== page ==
Like the 2016 election, Black youth aren’t being listened to. We keep warning white Democrats that the interest of many of these candidates is to preserve white supremacy. Before someone questions why I, a new Black female voter, am not, and will not be supporting Joe Biden, and lectures me on why I should do so, please question why 53% of white female voters chose the interest of preserving white supremacy, by voting for Trump in 2016—then Google MLK’s “Letter from a Birmingham Jail,” and look for the part where he said he is “gravely disappointed with the white moderate (shown in the second paragraph). After that, watch the recent CNN clip where a white female Biden surrogate, attempted to lecture Senator Nina Turner on how MLK somehow didn’t really say what he said, and how Biden somehow isn’t an example of “the white moderate Dr. King warned us about.” Look into the part where the white woman called Turner an “angry Black woman” on Twitter.
The bottom line is, as long as white moderates aren’t affected, they are complacent with injustices that affect the most marginalized people. Two weeks ago, the hashtag, “#IBelieveTaraReade” went viral on social media, and I was compelled to stand in solidarity with this survivor, even if that meant being ostracized by people I’ve known for a while, and this wouldn’t be the first time. I was unfollowed by a few white women I knew from my earlier childhood, when I stated that I stand with Tara Reade, a survivor who recently went viral for speaking out about being assaulted by Joe Biden. I am appalled at the amount of people who are so eager to vote out a racist/misogynist, by voting another racist/misogynist into office. People often preach, “listen to young people,” but as soon as young Black women and girls challenge the status quo, we’re shut down by people who don’t want change.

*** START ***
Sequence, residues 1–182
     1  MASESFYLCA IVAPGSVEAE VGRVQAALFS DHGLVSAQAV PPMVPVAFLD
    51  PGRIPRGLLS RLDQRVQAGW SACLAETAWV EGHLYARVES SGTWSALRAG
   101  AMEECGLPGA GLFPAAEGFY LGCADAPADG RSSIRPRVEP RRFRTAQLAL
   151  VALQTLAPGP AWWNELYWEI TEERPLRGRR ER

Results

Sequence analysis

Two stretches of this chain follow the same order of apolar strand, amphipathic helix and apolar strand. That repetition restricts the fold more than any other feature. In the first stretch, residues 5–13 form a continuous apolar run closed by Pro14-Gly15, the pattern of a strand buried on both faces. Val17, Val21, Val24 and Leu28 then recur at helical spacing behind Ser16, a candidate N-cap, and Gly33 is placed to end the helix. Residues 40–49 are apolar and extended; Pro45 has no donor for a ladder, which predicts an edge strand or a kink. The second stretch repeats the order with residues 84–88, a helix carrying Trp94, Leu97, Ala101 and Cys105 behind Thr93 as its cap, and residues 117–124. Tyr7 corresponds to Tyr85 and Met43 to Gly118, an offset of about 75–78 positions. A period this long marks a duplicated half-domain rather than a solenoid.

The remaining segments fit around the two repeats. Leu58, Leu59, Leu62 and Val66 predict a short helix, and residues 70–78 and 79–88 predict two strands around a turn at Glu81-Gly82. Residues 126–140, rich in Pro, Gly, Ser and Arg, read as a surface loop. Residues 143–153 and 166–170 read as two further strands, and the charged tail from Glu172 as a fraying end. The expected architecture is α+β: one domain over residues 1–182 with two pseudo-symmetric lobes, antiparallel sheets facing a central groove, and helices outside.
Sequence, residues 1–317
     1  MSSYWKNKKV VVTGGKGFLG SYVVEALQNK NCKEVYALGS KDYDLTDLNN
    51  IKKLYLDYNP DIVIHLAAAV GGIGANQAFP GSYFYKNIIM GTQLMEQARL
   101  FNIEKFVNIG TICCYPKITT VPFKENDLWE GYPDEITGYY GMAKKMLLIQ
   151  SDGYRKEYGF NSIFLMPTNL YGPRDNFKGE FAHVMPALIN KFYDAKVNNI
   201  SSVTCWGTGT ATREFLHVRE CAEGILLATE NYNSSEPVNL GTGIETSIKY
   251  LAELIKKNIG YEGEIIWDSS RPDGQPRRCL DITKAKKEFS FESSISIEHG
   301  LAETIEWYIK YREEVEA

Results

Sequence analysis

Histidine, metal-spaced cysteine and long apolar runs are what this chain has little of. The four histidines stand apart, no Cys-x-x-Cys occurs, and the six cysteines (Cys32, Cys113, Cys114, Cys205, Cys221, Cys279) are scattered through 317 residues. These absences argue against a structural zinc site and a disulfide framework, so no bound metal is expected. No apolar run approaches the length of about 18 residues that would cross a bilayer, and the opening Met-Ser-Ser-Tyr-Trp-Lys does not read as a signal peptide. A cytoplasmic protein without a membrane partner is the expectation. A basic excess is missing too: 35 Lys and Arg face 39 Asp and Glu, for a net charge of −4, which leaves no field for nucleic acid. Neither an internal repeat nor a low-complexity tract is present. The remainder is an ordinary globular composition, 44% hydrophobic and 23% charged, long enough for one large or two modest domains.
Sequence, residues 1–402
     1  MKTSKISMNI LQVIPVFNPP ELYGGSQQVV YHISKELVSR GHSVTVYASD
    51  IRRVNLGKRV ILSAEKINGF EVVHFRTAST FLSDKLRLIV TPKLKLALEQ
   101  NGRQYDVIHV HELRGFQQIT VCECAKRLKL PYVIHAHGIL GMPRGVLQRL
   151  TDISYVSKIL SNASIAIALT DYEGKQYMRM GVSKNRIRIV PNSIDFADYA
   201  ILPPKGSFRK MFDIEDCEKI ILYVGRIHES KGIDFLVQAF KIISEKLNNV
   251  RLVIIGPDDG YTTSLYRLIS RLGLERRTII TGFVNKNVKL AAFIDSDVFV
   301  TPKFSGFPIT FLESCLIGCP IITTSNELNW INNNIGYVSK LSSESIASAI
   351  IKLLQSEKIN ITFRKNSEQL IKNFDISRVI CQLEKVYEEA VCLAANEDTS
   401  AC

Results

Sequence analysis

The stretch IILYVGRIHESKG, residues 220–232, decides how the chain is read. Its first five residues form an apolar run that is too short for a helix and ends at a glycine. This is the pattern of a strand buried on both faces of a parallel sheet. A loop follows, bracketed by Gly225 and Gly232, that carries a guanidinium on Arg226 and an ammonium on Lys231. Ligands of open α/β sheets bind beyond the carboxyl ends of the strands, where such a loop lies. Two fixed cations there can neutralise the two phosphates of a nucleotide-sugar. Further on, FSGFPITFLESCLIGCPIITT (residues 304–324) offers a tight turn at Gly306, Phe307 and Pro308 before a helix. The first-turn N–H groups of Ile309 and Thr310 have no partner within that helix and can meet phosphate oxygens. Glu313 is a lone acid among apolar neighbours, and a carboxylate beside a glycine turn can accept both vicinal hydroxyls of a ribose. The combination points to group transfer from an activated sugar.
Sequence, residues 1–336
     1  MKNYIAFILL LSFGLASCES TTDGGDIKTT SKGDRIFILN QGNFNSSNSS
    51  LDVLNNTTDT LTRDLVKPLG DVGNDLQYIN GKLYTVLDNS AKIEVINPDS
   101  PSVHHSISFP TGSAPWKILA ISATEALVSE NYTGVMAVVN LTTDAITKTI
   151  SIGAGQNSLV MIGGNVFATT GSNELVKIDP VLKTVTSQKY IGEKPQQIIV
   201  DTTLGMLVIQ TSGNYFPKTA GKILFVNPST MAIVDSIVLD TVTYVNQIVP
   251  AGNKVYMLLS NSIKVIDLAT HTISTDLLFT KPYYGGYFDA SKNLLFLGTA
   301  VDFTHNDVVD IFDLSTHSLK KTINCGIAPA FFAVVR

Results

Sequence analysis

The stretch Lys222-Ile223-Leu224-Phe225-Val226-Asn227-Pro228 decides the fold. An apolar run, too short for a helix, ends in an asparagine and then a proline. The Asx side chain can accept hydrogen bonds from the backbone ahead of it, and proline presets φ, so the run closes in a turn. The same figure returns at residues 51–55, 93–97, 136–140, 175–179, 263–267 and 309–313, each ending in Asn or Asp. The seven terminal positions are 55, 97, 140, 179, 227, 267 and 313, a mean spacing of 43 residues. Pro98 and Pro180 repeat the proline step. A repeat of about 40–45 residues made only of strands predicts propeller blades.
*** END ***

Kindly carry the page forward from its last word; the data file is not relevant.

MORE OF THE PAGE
In 2016, Black and Brown people spoke out about Trump’s racism, and women spoke out about their experiences with Trump’s misogyny. 53% of white female voters turned their backs on both communities of color and survivors, for the sake of preserving white supremacy. Black and Brown people have been saying that Biden embodies MLK’s words about the white moderate, and women have been sharing their stories about being assaulted by Biden. In 2020, a lot of self-proclaimed (white) feminists are also betraying the people they claim to advocate for. I see a pattern here, and I fear the same thing that happened in 2016 is going to happen again because of their complacency with racism and misogyny. Unless we do something now, the future of this country looks bleak.